ttc subway air quality

Experts say TTC subway air quality is bad for human health

No one likes breathing in the recycled, stale air present on the city's subway platforms and in subway cars, and Toronto Public Health is now recommending that measures be taken to improve subway air quality.

A new report from Toronto's Medical Officer of Health Dr. Eileen de Villa explains that overall, taking the subway is beneficial for the health of Toronto residents. 

"Taking the subway is a health-supportive way to travel, especially as an alternative to personal vehicle use," the report states.

"It is associated with fewer injuries than driving, reduces outdoor air pollution and greenhouse gases, promotes physical activity and provides access to employment, education and social/community services."

And yet, it's far from perfect. 

The report, which will be presented at a January 13 Board of health meeting, notes that fine particulate matter air pollution (known as PM2.5) is present in indoor and outdoor air as well as public transit systems in other cities. 

But, as stated in the report, levels of PM2.5 in Toronto's subway system warrant mitigation because "reductions would have health benefits for passengers."

It explains that levels of PM2.5 are currently elevated in the TTC subway system and contain high levels of some metals — particularly on Line 2.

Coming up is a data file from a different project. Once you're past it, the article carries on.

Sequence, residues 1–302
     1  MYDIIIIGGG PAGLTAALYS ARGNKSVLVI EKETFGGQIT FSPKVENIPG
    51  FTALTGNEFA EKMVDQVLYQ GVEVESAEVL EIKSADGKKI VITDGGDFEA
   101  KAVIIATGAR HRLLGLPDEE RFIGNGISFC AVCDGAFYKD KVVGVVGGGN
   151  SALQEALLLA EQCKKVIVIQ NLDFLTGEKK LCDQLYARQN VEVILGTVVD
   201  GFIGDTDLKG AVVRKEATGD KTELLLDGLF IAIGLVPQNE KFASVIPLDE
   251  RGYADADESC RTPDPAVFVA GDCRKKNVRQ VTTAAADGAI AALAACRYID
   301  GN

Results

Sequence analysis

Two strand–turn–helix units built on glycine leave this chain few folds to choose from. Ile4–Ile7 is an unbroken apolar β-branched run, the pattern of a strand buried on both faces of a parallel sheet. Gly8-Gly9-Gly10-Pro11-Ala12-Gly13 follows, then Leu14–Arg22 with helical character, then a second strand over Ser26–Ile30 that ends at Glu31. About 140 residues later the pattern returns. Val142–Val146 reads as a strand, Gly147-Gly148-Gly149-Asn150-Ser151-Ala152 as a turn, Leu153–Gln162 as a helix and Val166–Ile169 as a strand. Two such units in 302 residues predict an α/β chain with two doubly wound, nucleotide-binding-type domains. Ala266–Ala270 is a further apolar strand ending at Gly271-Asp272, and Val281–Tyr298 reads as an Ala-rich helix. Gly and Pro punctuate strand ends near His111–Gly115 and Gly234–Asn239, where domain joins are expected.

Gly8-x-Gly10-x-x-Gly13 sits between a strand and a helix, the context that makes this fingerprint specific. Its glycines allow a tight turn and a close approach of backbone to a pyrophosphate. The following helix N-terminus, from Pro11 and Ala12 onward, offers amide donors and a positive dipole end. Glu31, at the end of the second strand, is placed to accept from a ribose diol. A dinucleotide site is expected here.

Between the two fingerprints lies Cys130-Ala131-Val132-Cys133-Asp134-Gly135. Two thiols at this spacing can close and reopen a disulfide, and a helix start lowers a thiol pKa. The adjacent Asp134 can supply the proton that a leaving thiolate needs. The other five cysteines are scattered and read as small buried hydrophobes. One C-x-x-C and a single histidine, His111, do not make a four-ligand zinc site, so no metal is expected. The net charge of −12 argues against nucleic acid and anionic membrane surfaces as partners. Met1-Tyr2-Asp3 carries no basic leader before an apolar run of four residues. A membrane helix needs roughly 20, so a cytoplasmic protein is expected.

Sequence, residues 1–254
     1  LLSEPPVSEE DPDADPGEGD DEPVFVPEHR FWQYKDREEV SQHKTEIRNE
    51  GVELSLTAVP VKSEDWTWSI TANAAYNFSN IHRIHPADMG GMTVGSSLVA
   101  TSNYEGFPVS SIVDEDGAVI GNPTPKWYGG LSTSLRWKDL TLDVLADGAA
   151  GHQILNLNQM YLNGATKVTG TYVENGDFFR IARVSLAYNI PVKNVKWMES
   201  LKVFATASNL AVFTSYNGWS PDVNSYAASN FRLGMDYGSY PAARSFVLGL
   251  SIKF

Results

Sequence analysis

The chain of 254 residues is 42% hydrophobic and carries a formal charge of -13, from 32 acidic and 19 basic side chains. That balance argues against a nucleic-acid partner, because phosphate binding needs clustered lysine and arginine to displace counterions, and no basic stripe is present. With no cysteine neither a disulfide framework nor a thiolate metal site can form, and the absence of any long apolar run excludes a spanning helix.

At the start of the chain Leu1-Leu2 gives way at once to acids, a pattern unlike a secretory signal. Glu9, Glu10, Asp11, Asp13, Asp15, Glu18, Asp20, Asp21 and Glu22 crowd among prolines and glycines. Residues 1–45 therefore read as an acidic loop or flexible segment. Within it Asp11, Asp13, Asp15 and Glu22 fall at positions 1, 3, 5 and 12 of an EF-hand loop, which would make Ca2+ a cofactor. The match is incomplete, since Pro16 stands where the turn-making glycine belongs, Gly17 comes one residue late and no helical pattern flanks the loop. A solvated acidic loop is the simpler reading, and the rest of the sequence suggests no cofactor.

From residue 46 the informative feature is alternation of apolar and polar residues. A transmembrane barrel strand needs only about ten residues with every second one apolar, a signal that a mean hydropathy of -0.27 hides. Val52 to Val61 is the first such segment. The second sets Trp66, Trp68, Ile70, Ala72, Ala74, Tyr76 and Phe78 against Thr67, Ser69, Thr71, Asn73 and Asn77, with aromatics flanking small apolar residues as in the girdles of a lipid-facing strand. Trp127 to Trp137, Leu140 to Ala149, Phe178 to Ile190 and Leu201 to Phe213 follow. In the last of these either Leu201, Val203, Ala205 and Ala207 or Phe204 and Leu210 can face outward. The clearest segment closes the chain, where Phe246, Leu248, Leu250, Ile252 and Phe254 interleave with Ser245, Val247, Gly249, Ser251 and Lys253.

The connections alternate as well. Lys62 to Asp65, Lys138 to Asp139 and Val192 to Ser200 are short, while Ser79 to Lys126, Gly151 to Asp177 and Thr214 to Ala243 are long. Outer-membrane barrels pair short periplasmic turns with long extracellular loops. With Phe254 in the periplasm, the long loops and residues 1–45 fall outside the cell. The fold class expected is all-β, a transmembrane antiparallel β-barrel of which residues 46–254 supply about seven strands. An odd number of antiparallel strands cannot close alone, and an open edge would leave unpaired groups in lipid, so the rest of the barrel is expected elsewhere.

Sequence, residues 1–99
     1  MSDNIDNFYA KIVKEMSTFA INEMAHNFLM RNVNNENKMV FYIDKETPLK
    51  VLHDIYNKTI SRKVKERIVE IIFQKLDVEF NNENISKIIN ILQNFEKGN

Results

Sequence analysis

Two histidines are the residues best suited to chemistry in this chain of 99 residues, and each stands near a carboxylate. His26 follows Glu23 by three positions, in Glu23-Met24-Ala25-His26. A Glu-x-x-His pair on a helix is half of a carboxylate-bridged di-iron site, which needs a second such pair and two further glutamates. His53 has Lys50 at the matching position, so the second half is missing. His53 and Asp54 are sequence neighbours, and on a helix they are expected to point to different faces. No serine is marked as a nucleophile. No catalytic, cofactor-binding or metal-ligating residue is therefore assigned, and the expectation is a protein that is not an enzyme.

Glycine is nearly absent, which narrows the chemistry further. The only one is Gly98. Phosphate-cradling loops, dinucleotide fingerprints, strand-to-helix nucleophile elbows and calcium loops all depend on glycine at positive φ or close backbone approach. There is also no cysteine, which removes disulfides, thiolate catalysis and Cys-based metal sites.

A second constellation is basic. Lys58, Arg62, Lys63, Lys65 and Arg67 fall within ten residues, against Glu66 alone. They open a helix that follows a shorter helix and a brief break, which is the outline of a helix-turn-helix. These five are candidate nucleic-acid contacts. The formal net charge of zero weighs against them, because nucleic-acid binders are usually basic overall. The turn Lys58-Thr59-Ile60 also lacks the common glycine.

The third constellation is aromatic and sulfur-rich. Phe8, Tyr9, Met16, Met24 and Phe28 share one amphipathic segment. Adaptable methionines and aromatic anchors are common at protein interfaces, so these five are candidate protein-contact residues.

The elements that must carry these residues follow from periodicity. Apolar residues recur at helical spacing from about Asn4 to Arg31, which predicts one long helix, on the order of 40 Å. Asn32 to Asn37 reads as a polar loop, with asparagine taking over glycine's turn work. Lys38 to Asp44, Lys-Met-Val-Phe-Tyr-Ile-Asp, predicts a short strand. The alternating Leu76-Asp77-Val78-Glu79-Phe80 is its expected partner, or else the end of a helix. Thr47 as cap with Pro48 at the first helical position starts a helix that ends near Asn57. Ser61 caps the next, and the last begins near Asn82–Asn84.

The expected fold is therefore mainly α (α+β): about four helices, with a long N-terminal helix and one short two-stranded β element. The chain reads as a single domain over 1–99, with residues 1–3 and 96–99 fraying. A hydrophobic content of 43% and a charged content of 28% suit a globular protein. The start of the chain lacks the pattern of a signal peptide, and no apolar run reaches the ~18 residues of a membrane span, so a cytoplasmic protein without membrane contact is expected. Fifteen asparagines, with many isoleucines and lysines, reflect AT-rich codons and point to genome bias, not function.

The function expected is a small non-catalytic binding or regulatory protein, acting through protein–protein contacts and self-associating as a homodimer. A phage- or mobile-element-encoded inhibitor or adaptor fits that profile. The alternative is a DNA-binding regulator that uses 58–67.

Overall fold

"While a high-level jurisdictional scan shows that Toronto is demonstrating leadership in addressing subway air quality, a continuous improvement approach should be adopted by the Toronto Transit Commission Board to ensure ongoing assessment and improvement of subway air pollution levels in Toronto," notes the report. 

In light of these elevated levels, Toronto Public Health is recommending the implementation of multiple measures to reduce exposure to PM2.5 levels in the subway system. 

Both short-term and long-term measures are recommended and could include anything from employee training, to reviewing TTC operations to identify where PM2.5 exposure can potentially be reduced, to ongoing air quality monitoring.

"The TTC thanks Toronto Public Health for its review and concurs with the report’s recommendations for short and longer term measures to improve subway air quality for our employees and customers," TTC CEO Rick Leary said in a statement. 

He added that "over the past three decades, the TTC has addressed air quality levels with the introduction of new vehicles, improved ventilation and filtration systems."

"We remain fully committed to continuing our world-leading efforts in air quality mitigation by monitoring the effectiveness of our actions to date and ensuring mitigation is factored in to all aspects of our subway operations and procurement."

Lead photo by

LRayG


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